A Story of A Solo Female Traveller – Young, Wild, and Stupid
I’ve always been a warrior of girls could travel solo too! There are tonnes of girls out there who bit the bullet and packed their bags then headed somewhere they’ve never been. It has been happening for quite some time now and every day, more and more girls get on the plane and do whatever they want, sometimes even though they’re broke! Explore every country on their list or what other travellers will suggest her to go.
But seriously, what does it really like to travel as a solo female traveller? Is it really safe? Would it come to the point that a solo female traveller would go home instead? Would she wish she didn’t go alone? Would she be worried for her safety whilst on the road?
When I decided to travel alone, I never thought about the safety, pretty stupid right? I never questioned myself all the what ifs I mentioned above. I don’t really know, I was just excited to do it. I’ve heard and read online that women do it. So as dumb as it sounds, I just didn’t consider my safety in every destination I go.
After being on the road for more than a year now as a solo female traveller, it was only one time that I almost accept that this is it, I will get raped or killed. After I survived that situation, I prayed and thanked whoever looked after me that night and moved on with my life, moved on with my travels. Pretty much didn’t take it as a lesson that it could happen again.
Half of my trip, I met someone and travelled with them, half was I completely alone but met other travellers along the way and spend a day or two with them. I’m almost never cautious about my safety when I decide to go to a new place, mostly I consider if there would be any internet access as my job depends on it. Which practically will take me to civilised cities where I’ll be around locals and travellers too.
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Until the day I decided to let a local join me on my solo trip in one of the islands in the Philippines. There weren’t any internet access nor mobile reception. There weren’t even electricity. I pitched my tent by the beach and clearly mentioned to the guy (let’s call him John) that my tent is only for me. He understood that and respected my decision. He was very nice and have been consistent with his answers every time I ask him about his life and family. After we had dinner, it started to rain heavily. I told John that my tent can’t hold it and we need to run to the lighthouse.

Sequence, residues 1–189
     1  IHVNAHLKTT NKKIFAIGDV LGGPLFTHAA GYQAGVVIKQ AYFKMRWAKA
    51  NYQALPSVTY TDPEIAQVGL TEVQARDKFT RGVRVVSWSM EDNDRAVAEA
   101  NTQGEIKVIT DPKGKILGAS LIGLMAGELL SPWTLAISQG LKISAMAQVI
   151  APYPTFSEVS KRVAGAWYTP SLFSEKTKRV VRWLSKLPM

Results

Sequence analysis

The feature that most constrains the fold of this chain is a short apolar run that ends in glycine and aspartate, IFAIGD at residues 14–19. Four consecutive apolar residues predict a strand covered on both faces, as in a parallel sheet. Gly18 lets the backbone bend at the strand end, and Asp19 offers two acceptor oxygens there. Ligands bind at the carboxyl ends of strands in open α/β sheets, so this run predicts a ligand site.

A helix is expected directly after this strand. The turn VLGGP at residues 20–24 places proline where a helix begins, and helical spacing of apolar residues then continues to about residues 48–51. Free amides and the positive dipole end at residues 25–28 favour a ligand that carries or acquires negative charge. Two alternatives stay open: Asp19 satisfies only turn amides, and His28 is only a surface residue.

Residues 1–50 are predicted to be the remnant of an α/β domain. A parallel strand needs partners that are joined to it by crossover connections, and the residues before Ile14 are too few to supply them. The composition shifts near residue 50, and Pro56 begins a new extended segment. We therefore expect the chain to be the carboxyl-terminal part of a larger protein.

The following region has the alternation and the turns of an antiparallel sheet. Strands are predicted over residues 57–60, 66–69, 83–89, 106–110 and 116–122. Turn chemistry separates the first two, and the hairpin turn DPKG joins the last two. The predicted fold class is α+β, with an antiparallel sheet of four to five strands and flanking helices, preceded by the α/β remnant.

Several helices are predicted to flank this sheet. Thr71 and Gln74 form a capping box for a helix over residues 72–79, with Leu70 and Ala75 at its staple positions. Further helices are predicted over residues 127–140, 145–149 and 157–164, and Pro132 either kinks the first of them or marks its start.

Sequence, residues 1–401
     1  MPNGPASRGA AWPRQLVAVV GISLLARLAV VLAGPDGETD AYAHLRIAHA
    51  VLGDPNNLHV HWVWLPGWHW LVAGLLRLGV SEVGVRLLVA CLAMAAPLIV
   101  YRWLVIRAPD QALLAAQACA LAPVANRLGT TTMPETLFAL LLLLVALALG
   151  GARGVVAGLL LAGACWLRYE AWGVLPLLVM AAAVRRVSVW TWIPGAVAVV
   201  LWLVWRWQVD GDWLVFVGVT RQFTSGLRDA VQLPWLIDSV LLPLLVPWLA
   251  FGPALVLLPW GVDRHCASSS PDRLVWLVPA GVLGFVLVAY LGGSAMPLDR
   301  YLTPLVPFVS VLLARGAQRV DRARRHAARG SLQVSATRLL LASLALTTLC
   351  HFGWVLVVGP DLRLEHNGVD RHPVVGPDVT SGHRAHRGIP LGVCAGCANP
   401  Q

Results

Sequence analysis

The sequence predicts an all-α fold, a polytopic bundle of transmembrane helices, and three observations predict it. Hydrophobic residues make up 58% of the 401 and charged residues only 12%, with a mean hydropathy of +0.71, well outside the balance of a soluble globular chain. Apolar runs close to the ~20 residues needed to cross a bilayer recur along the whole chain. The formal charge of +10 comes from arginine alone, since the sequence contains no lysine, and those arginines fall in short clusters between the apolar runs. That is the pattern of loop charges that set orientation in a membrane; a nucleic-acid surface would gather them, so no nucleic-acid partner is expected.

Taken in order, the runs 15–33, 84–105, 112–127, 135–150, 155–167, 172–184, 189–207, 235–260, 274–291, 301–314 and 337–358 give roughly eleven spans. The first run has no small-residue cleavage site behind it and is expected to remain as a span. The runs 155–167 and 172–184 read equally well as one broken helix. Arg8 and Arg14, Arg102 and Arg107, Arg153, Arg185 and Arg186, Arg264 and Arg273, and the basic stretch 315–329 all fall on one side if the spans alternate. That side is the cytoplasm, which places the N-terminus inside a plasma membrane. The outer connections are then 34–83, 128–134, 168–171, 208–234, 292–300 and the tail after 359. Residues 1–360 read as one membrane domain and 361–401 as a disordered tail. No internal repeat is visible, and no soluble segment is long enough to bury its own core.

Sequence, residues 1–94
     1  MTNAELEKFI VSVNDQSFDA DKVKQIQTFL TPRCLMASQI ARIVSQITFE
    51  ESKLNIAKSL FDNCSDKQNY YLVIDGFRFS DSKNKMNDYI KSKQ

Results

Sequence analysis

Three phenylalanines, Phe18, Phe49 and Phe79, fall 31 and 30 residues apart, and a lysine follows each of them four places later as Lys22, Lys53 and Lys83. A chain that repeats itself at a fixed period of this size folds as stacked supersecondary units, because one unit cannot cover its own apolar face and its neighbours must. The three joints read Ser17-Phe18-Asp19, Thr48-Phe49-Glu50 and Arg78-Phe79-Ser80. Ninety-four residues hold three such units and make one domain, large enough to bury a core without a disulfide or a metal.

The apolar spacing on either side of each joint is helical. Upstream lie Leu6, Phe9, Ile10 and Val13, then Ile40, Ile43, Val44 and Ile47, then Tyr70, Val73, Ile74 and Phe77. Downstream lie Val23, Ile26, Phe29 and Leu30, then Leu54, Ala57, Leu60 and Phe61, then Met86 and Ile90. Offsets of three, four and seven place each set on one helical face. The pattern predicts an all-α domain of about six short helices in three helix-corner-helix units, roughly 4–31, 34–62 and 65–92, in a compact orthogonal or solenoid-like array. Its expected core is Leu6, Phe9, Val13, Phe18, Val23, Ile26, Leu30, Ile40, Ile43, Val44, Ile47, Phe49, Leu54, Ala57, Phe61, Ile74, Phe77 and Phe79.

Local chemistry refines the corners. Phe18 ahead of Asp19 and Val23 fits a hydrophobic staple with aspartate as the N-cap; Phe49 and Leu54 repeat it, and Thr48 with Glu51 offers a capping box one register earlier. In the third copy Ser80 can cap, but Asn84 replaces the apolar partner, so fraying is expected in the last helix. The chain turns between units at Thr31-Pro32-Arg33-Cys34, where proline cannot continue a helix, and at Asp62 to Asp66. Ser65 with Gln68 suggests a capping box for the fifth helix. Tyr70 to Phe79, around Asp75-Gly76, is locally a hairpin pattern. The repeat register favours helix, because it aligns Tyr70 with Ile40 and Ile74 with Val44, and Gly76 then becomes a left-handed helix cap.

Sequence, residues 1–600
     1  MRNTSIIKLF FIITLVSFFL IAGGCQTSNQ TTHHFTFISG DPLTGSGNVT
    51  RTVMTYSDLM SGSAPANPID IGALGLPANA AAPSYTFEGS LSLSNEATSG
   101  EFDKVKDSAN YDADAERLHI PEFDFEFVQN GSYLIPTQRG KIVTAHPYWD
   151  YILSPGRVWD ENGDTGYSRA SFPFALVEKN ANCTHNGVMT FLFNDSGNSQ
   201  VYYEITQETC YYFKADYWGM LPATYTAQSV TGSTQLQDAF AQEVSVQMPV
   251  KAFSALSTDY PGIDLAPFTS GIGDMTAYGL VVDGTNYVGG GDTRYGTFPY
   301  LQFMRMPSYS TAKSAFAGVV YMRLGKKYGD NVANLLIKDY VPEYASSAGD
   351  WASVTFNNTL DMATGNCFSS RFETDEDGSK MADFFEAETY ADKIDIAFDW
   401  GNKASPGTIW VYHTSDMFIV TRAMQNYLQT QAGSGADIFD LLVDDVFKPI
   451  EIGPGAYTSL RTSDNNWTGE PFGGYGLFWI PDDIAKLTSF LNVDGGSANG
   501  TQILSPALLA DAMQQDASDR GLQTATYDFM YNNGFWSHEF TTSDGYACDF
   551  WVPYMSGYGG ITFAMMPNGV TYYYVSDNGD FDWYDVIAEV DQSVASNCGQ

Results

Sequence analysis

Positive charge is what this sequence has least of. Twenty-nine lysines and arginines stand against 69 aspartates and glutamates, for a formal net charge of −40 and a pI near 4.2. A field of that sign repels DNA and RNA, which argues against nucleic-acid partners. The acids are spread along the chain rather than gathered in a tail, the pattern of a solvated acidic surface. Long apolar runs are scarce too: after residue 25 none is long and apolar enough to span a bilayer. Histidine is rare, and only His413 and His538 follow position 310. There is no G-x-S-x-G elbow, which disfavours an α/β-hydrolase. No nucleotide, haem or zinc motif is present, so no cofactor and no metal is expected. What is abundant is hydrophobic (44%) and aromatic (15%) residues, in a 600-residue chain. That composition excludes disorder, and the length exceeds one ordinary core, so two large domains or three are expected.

There, we were welcomed by two older men who are the caretakers of the lighthouse. They were very nice and accommodating. I pitched my tent under a dry roof, John slept on the plastic chairs just next to my tent. I bid them all good night right after I finished setting up my tent. Before I completely set myself comfortably inside my tent, John asked me, couldn’t he really fit in my tent with me? In a friendly tone, I said, I’m sorry but no. At that time, I was already nervous about my safety. I tried to convince myself that it was all in my head.
I couldn’t sleep. Without any reasons, I was still feeling afraid. I was surrounded by three men who I barely knew, spoke a Filipino dialect I don’t understand. These people have been very nice to me, however, I couldn’t point out why my heart was pounding and my mind was racing with stupid thoughts. I made sure I locked my tent, have my whistler on my side, torch on the other and my bags are ready if I need to run. You see, I was very paranoid.
After two hours, I feel my eyes slowly closing. I woke up from a loud sound and I’m rolling, someone flipped my tent. I wanted to go out from my tent but my hands were tied, I can’t reach for my whistler, I couldn’t see anything. I called out for my mother. I hear nothing.
I opened my eyes, I was soaking in sweat and my heart was racing, I checked the time. Damn it, it’s only half past nine (9.30pm), I thought. I barely slept after that nightmare as I try to listen to every movement around me, every noise that the insects and animals make or John’s snoring. Finally, I fell asleep again.
I woke up, the morning light finally crept in, I am in one piece, I’m alive. I have thought that it was the dumbest decision I’ve ever done. Surely those people have been nothing but nice to me, on the other hand, something could have happened. If there’s anything that night taught me, it’s the fact that kind people do exist and I was paranoid that time.
As I sat on the bus, I wonder if a male traveller would have felt the same way. Would he be worried for his life to be surrounded by people he doesn’t know, without any way to cry for help? Would he ask the questions I mentioned before he starts travelling?
I’m not writing this to scare any solo female traveller, I’m writing this to bring up awareness that every traveller should be cautious on his/her decisions. Everything that has crawled up in my head as I lay down listening to the rain and insects around was obviously just in my head. But as they say, you will never be too careful.
It was indeed a crazy and scary night for me, but this would not stop me from travelling alone. This only taught me to be more careful, wise, smart, and realistic about my future decisions when travelling. I will continue being young, wild, and occasionally stupid as a solo female traveller.
DISCLAIMER: In no way, I intend to make a negative impact travelling solo as a female. The whole story is based on my own experiences and all my opinion.
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